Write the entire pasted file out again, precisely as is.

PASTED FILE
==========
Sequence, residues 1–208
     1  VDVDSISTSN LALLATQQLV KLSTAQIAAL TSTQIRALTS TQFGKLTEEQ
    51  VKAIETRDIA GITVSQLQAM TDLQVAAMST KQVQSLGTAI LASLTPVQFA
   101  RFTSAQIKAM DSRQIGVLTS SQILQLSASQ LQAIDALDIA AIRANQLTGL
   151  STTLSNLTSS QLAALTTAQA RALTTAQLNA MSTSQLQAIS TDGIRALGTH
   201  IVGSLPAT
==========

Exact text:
Sequence, residues 1–208
     1  VDVDSISTSN LALLATQQLV KLSTAQIAAL TSTQIRALTS TQFGKLTEEQ
    51  VKAIETRDIA GITVSQLQAM TDLQVAAMST KQVQSLGTAI LASLTPVQFA
   101  RFTSAQIKAM DSRQIGVLTS SQILQLSASQ LQAIDALDIA AIRANQLTGL
   151  STTLSNLTSS QLAALTTAQA RALTTAQLNA MSTSQLQAIS TDGIRALGTH
   201  IVGSLPAT